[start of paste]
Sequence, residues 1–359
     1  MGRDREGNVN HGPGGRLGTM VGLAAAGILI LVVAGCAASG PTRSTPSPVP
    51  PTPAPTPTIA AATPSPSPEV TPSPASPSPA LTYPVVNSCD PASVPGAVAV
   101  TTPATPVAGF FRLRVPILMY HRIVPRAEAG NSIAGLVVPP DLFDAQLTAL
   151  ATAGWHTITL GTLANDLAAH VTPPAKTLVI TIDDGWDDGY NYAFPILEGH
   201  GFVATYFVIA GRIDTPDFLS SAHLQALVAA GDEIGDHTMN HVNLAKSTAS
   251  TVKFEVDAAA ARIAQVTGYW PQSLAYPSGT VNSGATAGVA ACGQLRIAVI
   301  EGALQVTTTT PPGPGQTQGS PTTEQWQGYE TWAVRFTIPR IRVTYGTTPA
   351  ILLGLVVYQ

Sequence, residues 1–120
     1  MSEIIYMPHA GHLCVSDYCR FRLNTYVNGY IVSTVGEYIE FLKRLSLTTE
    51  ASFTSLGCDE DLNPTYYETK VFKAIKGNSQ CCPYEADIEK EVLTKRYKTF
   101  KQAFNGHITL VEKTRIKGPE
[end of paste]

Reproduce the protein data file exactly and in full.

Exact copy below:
Sequence, residues 1–359
     1  MGRDREGNVN HGPGGRLGTM VGLAAAGILI LVVAGCAASG PTRSTPSPVP
    51  PTPAPTPTIA AATPSPSPEV TPSPASPSPA LTYPVVNSCD PASVPGAVAV
   101  TTPATPVAGF FRLRVPILMY HRIVPRAEAG NSIAGLVVPP DLFDAQLTAL
   151  ATAGWHTITL GTLANDLAAH VTPPAKTLVI TIDDGWDDGY NYAFPILEGH
   201  GFVATYFVIA GRIDTPDFLS SAHLQALVAA GDEIGDHTMN HVNLAKSTAS
   251  TVKFEVDAAA ARIAQVTGYW PQSLAYPSGT VNSGATAGVA ACGQLRIAVI
   301  EGALQVTTTT PPGPGQTQGS PTTEQWQGYE TWAVRFTIPR IRVTYGTTPA
   351  ILLGLVVYQ

Sequence, residues 1–120
     1  MSEIIYMPHA GHLCVSDYCR FRLNTYVNGY IVSTVGEYIE FLKRLSLTTE
    51  ASFTSLGCDE DLNPTYYETK VFKAIKGNSQ CCPYEADIEK EVLTKRYKTF
   101  KQAFNGHITL VEKTRIKGPE